The Hottest Internet IPOs of 2011 – Who Went Big and Who Went Home
Over 24 Internet companies launched IPOs last year in the US alone according to Renaissance Capital. 2011 included four of the five largest US Internet IPOs ever – Bankrate, Groupon, LinkedIn and Zynga – raising $2.4 billion. However if you bought Internet or social-media IPO stocks in the past associate of years, you have probably lost money. According to Birinyi analyst Kevin Pleines, 18 of the 30 stocks are below their IPO price and 24 of the 30 are below their opening price on their first day of trading.
The slump has been credited to slow growth in the U.S. economy and sovereign debt in countries including Greece and Italy. The economic concerns caused market volatility that made pricing IPOs difficult.
Internet IPOs from 2011 performing include Angie’s List, Bankrate, Cornerstone OnDemand, LinkedIn and Zillow. OnDemand Media, Groupon, and Pandora are all well below IPO prices. The large China IPOs RenRen and Tudou are well listed prices in addition.
Contractor and healthcare provider review site Angie’s List waited 16 years before going public on November 17th. The IPO price was $13 and it rose to over $18 on the first day of trading. It closed at $16.42 on December 14th but had dipped below the IPO price early in the month. The company is not profitable.
Bankrate (RATE) has a long track record of operation since its founding 35 years ago. The company collects bank interest rates data and information on 300 other financial products from 4,800 edges and distributes to several newspapers and online publications. Bankrate Inc.’s initial public offering drew a ineffective response on the first day of trading as investors worry of high debt, past governance issues and lofty valuation.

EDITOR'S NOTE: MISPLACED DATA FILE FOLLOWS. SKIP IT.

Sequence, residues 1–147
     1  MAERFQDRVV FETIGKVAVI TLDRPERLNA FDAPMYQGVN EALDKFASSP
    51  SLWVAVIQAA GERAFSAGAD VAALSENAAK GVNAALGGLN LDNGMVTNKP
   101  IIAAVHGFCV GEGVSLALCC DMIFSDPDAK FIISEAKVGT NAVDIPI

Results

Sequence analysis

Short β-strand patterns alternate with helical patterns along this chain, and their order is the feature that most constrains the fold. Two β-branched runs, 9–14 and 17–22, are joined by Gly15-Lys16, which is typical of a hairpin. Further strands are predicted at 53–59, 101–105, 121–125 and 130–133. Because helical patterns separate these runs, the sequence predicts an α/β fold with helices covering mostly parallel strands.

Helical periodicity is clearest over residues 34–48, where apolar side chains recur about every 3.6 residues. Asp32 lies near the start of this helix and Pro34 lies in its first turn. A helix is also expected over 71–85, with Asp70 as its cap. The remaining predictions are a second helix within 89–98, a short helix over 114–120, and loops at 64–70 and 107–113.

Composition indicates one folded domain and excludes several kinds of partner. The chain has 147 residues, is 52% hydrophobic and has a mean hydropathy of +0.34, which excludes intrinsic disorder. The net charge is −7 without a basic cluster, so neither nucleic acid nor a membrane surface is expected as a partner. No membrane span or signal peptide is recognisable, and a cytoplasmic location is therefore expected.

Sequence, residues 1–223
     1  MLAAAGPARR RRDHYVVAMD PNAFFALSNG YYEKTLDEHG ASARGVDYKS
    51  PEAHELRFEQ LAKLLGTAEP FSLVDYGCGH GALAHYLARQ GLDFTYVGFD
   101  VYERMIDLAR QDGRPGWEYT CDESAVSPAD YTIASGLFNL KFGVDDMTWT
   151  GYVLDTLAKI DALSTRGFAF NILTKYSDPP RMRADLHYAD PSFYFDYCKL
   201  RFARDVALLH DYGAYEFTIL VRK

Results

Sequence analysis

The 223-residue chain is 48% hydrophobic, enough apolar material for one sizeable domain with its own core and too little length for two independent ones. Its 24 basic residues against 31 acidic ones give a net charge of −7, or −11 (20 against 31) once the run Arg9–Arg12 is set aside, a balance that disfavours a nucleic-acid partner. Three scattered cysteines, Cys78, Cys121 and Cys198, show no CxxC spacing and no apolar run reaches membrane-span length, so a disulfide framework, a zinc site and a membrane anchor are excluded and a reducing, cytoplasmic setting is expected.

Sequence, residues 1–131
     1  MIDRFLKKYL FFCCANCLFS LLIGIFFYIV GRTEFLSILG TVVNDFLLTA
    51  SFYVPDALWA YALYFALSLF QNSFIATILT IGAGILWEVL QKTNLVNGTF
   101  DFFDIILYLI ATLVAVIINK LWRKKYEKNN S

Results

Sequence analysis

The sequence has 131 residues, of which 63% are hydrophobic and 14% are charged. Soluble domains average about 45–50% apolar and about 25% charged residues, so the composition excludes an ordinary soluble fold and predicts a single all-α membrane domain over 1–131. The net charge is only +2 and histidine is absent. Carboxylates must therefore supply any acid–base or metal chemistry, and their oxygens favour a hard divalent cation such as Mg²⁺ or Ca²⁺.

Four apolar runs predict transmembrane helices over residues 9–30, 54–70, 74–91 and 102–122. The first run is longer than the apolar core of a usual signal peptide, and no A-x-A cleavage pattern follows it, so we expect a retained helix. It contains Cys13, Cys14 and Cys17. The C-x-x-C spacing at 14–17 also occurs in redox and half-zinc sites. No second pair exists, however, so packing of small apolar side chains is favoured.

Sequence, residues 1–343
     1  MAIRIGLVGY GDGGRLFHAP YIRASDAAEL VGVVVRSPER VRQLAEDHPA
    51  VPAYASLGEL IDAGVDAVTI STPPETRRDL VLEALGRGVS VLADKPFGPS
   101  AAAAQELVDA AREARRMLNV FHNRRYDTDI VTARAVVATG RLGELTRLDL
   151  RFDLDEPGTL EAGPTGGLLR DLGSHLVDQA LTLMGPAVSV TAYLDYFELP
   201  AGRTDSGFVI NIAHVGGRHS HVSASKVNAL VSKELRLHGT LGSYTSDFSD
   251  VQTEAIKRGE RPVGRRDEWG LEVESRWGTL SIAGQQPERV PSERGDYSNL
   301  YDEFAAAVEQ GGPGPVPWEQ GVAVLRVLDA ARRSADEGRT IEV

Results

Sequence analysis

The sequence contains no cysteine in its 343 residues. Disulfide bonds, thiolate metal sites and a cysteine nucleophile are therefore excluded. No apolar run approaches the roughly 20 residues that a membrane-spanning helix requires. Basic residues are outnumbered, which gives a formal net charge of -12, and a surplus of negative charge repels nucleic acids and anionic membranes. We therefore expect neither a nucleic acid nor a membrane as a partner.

The on-need talent management company (US:CSOD) jumped 46.7% to close at $19.07 as its initial public offering. Cornerstone offers software-as-service that allows businesses to aim employees and track their performance of their employees.
This business-to-business social networking company went public on May 19th at $45 a proportion. On the first day, the stock rose to almost $110. At the time LinkedIn’s underwriters – Bank of America, Merrill Lynch and Morgan Stanley – were criticized for setting the price so low. Analysts suggested LinkedIn should have been priced at $90 a proportion. However, LinkedIn is one of the few Internet companies that has never dipped below its initial offer and closed at $65.95 on December 14th, so perhaps the underwriters were correct in their conservative pricing. LinkedIn states that it has been profitable since 2006.
This company provides real estate market information for consumers and real estate professionals. It was listed on July 20th when it was priced at $20 and went as high as $44. For most of September it ranged between $35 and $37.50 but closed at $22.13 on December 14th. Zillow became profitable in its first quarter as a public company.